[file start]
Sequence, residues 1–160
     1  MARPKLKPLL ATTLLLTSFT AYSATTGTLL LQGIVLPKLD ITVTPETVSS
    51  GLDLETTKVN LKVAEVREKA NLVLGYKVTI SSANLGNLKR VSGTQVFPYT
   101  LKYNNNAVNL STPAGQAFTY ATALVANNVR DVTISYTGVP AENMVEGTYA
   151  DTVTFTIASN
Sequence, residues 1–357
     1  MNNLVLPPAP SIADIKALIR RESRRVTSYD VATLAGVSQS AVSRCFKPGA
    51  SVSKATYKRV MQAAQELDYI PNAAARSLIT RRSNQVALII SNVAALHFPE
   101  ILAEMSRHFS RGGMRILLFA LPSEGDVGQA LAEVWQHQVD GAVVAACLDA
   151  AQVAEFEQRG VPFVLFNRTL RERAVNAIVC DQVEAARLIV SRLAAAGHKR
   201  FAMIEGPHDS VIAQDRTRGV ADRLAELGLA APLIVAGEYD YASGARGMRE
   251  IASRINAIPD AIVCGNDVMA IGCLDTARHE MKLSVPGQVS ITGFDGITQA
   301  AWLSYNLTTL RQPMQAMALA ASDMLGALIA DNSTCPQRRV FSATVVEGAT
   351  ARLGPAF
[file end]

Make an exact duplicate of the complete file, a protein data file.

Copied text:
Sequence, residues 1–160
     1  MARPKLKPLL ATTLLLTSFT AYSATTGTLL LQGIVLPKLD ITVTPETVSS
    51  GLDLETTKVN LKVAEVREKA NLVLGYKVTI SSANLGNLKR VSGTQVFPYT
   101  LKYNNNAVNL STPAGQAFTY ATALVANNVR DVTISYTGVP AENMVEGTYA
   151  DTVTFTIASN
Sequence, residues 1–357
     1  MNNLVLPPAP SIADIKALIR RESRRVTSYD VATLAGVSQS AVSRCFKPGA
    51  SVSKATYKRV MQAAQELDYI PNAAARSLIT RRSNQVALII SNVAALHFPE
   101  ILAEMSRHFS RGGMRILLFA LPSEGDVGQA LAEVWQHQVD GAVVAACLDA
   151  AQVAEFEQRG VPFVLFNRTL RERAVNAIVC DQVEAARLIV SRLAAAGHKR
   201  FAMIEGPHDS VIAQDRTRGV ADRLAELGLA APLIVAGEYD YASGARGMRE
   251  IASRINAIPD AIVCGNDVMA IGCLDTARHE MKLSVPGQVS ITGFDGITQA
   301  AWLSYNLTTL RQPMQAMALA ASDMLGALIA DNSTCPQRRV FSATVVEGAT
   351  ARLGPAF